Ruminating on rum

Peter Imbong
If you're more of a beer drinker, here's what you're missing

VARIETIES OF RUM. As rum neat or as a cocktail, it's an amazing experience

MANILA, Philippines – Although technically used in reference to the work of skilled manual workers, artisan products have now crossed over to food and beverages as well – their untrimmed edges, the use of the finest ingredients, and the careful yet small production process giving commercially produced fare a run for their money.

And this applies to premium beers and spirits too, with the rise of micro breweries and small-scale productions of different liquors.

“The Philippines is the second biggest rum producer in the world,” said Stephen Carroll, founder of the Bleeding Heart Rum Company, makers of Don Papa Rum, a premium single island rum made in Negros.

That island in the Visayas, particularly its western side that is Negros Occidental province, has long been known as one of the top sugar-producing regions in the country, with its vast sugar-cane plantations.

Raw material

According to Carroll, the Philippines produces about 2.2 million tons of sugar each year, from 15 varieties of sugar cane in some 62,000 farms covering over 400,000 hectares of land.

This sugar forms the raw material to create rum. In the case of Don Papa, the resultant molasses is distilled then stored in oak casks.

Rum gets its deep red hue from the bourbon barrels in which they’re aged. But clear rum is also produced when aged in steel barrels.

The rum is then charcoal-filtered to remove any tannins and impurities before being blended by a master blender.

“As the rum ages – particularly in oak – it’s going to get tastier in flavor,” explained Carroll. “And when you age them in bourbon barrels, for example, you’re going to get a sweeter flavor with elements of honey and vanilla coming through. It’s quite a unique spirit.”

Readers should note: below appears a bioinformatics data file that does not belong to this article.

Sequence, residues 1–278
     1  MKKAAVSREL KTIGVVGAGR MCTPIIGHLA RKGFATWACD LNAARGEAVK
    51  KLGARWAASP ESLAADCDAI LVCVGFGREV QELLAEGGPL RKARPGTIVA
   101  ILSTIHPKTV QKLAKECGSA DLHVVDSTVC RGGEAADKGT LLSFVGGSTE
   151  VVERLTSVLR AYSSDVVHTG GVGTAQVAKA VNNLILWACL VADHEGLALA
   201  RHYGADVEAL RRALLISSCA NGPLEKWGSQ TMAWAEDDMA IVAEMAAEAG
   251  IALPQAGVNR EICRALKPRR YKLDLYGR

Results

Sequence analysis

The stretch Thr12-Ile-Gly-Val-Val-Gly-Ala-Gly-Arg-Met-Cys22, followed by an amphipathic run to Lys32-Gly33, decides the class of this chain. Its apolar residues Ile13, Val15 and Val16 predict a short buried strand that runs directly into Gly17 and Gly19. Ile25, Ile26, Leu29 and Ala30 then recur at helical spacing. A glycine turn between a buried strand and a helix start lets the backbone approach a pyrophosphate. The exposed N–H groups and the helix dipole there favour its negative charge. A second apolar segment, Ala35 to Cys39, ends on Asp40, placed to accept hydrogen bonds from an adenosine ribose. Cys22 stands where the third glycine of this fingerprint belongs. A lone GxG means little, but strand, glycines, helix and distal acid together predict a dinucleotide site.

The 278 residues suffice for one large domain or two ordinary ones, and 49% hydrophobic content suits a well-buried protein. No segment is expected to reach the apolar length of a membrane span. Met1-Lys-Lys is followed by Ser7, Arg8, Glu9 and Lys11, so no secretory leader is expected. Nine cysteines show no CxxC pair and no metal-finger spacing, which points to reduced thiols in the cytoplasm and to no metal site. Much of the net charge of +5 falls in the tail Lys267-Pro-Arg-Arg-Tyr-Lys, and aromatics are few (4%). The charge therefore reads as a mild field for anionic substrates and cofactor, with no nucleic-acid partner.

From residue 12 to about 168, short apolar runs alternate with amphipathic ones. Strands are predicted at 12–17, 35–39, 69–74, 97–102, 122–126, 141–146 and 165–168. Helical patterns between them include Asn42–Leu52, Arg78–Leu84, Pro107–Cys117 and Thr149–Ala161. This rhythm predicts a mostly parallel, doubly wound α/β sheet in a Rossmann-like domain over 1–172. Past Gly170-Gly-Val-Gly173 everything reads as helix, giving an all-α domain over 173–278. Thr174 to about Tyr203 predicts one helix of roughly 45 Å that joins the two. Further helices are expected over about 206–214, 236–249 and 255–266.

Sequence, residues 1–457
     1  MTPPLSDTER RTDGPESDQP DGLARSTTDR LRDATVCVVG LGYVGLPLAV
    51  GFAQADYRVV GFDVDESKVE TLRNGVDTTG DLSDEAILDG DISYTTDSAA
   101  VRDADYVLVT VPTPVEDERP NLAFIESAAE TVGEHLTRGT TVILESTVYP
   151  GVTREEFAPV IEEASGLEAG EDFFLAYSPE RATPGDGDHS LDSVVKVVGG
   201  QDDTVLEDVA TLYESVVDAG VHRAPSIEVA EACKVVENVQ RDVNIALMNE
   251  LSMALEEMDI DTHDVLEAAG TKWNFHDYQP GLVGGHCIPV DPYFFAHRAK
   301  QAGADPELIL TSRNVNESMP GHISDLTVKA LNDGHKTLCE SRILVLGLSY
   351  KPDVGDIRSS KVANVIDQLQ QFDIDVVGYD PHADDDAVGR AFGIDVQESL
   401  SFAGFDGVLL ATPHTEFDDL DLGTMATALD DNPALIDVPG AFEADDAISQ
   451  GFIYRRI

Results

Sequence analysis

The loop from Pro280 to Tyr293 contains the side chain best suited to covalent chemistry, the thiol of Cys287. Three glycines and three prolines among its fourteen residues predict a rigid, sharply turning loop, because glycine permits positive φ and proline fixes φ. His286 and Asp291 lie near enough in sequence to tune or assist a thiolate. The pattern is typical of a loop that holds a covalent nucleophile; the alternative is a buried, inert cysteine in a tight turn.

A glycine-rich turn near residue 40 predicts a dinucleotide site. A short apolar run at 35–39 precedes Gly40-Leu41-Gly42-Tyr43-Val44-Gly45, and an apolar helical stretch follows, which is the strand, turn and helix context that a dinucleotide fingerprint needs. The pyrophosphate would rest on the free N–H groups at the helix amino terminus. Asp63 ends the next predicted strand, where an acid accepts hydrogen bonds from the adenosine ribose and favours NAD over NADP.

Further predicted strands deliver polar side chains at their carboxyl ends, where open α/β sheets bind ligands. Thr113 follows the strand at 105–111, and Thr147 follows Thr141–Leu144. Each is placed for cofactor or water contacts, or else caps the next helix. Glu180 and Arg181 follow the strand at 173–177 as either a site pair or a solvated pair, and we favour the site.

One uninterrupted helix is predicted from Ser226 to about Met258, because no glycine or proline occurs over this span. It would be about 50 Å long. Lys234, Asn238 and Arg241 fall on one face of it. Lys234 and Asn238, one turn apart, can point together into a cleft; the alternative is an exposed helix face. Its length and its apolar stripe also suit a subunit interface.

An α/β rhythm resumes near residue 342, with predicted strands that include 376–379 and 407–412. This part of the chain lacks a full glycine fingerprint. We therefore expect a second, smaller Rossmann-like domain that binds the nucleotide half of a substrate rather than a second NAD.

Don Papa Rum is distilled from sugar cane, then aged in American oak for 7 years, in the foothills of Mt. Kanlaon.

Because of that, you get “a very rich and smooth spirit with hints of vanilla, candied fruit, and honey,” said Carroll.

DON PAPA RUM. Rich, smooth spirit. Photos by Peter Imbong

Rum – 3 ways

There are several ways to enjoy rum, apart from your usual cocktail of rum and soda.

The first is rum neat, which is simply rum at room temperature pored straight into a glass.

“It’s just like a beautiful girl,” said Matthias Cadeac D’Arbaud, a mixologist and owner of Bar Zelda in Paris.

D’Arbaud was in Manila during the launch of Don Papa Rum to suggest his own rum-inspired cocktails.

“With makeup and a beautiful dress, a beautiful girl can be amazing,” he said. “But [if you have] a beautiful girl with no makeup on, no high heels, no cocktail dress, and with just a white T-shirt and jeans, that’s a beautiful lady. And that’s rum neat.”

D'ARBAUD. Rum neat is 'just like a beautiful girl.'

The experience is a great introduction to rum. Because it’s slightly warm, the aroma of vanilla and honey wafts from the glass which you can already smell from a distance. It’s smooth on the palate and ends with a delicate finish.

For Carroll, it’s on the rocks: poured over ice in a glass then lightly stirred.

Another suggestion by Cadeac D’Arbaud is something he calls the Don Papa old-fashioned.

THE OLD-FASHIONED. All-time classic cocktail 

“The old-fashioned is an all-time classic cocktail, served in the best bars for over a century. This is designed to highlight [the rum’s] magnificence.” 

Cover the bottom of a rock glass with liquid brown sugar, add a drop of maraschino, 2 drops of hopped grapefruit bitters, a drop of orange bitters, and pour your rum.

“You peel an orange, cut it in two slices, and twist it in the glass,” said D’Arbaud. “You then put in a big ice cube and you slowly give it a turn. It’s fresh, warm, hard, soft, sweet, and bitter.

“That’s the way I like it the most.” –


Rum cocktails photo from Shutterstock.


Peter Imbong is a full-time freelance writer, sometimes a stylist, and on some strange nights, a host. After starting his career in a business magazine, he now writes about lifestyle, entertainment, fashion, and profiles of different personalities. Check out his blog, Peter Tries to Write.

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